This one isn’t as tiny as many of its relatives, because it has a rather different lifestyle to planktonic forms. This is a sea louse and it’s a parasite of fish. They feed on the mucus, skin and blood of fish and if they reach high levels of infestation they can be a real problem, potentially killing fish. This particular specimen has two trailing egg cases, which I think threw some of you. It was removed from a Brill and as Daniel Calleri recognised from a visit to the Grant Micrarium, it’s Lepeophtheirus hippoglossi (Krøyer, 1837).

If you’ve been to the Grant Museum and have photos from the Micrarium, or if you have any photos of tiny animals, you might fancy entering a Twitter and Instagram competition by sharing them with the hashtag #MicroMultitudes, Have fun with your photos!

Friday mystery object #274

Last week I talked about ungulates in collections being incorrectly identified as sheep. This week I have a specimen for you that is also not a sheep, although it does look a bit sheepish. Can you work out what it is?

mystery274

You can leave your thoughts in the comments section below – I’m not sure they need to be cryptic, but it certainly adds to the fun!

Friday mystery object #272

This week I have another specimen from the Grant Museum of Zoology for you to try your hand at identifying:

mystery272

I have a feeling that it may be easy to get this identification to Family level, but species may prove a little bit more tricky.

I’d love to hear what you think it might be, so leave your suggestions in the comments box below. Have fun!

Friday mystery object #271 answer

Last Friday I gave you this odd looking V-shaped bone to identify:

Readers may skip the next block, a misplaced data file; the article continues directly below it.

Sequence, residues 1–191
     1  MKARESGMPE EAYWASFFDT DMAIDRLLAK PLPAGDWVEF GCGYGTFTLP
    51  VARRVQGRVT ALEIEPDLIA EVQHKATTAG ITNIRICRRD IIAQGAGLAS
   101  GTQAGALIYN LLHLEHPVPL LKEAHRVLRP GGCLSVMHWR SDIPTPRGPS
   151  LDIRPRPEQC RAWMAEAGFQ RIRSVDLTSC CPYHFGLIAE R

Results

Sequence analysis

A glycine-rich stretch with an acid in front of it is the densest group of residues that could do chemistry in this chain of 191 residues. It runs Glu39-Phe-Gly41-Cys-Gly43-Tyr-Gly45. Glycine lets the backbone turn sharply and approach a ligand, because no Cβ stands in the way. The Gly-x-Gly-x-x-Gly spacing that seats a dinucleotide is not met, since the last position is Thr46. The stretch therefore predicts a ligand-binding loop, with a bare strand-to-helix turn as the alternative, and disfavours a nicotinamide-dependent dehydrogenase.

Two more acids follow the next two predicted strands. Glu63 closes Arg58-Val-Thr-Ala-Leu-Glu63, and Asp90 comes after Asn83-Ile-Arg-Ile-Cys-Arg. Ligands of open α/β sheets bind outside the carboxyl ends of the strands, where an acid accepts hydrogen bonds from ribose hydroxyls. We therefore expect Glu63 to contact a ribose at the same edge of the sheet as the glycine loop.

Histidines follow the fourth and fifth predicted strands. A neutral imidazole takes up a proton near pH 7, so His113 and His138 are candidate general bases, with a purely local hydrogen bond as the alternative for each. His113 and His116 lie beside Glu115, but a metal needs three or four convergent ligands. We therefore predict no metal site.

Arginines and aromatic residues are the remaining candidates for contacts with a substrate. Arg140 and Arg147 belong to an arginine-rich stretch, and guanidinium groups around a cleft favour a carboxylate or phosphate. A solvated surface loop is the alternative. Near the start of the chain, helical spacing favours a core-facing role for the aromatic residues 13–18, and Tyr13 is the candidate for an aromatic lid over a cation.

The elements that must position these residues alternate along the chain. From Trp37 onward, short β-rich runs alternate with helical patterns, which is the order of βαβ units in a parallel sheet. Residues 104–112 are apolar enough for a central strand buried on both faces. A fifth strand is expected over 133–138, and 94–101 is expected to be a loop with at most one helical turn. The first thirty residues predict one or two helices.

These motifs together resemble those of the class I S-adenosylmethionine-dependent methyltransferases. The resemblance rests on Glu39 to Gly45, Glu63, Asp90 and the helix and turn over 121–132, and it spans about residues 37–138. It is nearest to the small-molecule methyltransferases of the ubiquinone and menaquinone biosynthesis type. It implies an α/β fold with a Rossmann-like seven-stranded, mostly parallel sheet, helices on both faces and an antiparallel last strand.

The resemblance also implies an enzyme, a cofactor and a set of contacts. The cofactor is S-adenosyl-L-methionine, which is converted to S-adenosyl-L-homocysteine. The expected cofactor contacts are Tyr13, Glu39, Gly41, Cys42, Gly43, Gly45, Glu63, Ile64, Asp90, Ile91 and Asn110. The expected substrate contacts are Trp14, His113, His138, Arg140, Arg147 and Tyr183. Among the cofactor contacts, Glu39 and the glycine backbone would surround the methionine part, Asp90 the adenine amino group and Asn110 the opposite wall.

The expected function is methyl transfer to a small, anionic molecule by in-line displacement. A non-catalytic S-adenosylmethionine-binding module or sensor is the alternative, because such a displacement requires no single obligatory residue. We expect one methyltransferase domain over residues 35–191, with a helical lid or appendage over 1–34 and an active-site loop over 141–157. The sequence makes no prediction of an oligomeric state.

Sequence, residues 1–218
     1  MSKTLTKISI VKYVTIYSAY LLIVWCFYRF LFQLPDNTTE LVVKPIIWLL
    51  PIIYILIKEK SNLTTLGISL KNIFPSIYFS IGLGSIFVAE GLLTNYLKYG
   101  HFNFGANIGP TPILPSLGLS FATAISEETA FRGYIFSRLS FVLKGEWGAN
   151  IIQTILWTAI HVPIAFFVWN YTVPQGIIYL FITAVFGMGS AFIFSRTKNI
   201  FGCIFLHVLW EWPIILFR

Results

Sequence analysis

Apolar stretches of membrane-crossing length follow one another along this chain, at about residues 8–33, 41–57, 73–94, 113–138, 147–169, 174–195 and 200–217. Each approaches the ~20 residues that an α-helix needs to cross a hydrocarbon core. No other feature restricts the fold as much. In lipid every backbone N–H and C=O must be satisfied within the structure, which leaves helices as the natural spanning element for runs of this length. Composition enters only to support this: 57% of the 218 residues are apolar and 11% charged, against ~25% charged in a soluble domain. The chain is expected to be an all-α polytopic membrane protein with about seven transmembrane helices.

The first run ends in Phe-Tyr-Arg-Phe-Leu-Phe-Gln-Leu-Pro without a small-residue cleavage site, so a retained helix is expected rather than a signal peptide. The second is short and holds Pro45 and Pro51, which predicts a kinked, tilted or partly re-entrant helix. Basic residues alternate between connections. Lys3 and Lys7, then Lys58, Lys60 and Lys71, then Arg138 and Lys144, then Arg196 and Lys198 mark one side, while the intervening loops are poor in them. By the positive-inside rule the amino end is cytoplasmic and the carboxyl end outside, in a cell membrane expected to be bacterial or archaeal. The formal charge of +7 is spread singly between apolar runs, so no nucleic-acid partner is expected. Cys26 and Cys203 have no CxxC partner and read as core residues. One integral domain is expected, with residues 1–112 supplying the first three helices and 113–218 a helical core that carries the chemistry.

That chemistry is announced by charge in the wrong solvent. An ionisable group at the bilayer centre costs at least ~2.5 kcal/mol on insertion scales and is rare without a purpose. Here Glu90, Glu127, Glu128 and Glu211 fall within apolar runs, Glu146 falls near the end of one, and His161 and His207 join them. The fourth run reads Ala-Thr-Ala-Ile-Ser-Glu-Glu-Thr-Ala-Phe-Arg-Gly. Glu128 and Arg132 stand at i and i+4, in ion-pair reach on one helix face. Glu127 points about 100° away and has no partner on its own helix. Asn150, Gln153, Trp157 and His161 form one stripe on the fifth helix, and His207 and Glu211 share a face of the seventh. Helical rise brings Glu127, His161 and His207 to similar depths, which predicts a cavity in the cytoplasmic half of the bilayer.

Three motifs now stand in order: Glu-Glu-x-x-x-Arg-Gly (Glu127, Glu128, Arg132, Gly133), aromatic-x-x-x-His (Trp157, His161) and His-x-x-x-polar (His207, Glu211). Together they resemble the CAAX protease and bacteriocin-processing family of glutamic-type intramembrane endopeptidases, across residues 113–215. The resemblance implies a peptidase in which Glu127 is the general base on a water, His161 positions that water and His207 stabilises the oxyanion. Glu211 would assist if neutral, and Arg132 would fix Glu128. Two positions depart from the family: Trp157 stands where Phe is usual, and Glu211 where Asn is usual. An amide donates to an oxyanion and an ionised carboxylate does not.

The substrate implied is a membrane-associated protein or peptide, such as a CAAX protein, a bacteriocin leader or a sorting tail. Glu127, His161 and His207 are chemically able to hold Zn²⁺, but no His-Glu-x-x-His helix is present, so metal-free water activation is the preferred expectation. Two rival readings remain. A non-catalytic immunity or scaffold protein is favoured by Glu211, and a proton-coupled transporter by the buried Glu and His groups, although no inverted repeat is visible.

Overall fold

mystery271a

It led to a lot of speculation on Facebook and Twitter, with ideas including a bird wishbone, hyoid or mandible. However, the comments on the blog tended to be a little more focussed in the area of the mandible of an ant-eating mammal.

The two little prongs at the anterior of this lower jaw are a bit of a give-away about which type of ant-eating mammal it is, as they are only seen on one family. When you look at the additional image I provided it becomes even easier to work out which:

mystery271b

As most of you correctly worked out, this is a specimen of Pangolin, of which there are four species in the genus Manis (thanks Allen Hazen for the correction – there are more like eight species in the family). I found this nice illustration of the skulls of the various species, to help narrow it down even further:

Anatomical and zoological researches: comprising an account of the zoological results of the two expeditions to western Yunnan in 1868 and 1875; and a monograph of the two cetacean genera, Platanista and Orcella. John Anderson, 1878.

Anatomical and zoological researches: comprising an account of the zoological results of the two expeditions to western Yunnan in 1868 and 1875; and a monograph of the two cetacean genera, Platanista and Orcella. John Anderson, 1878.

So it appears from the morphology of the premaxilla, zygomatic region and nasals that this is a Sunda Pangolin, Manis javanica Desmarest, 1822.

Manis javanica by Piekfrosch, 2006

Manis javanica by Piekfrosch, 2006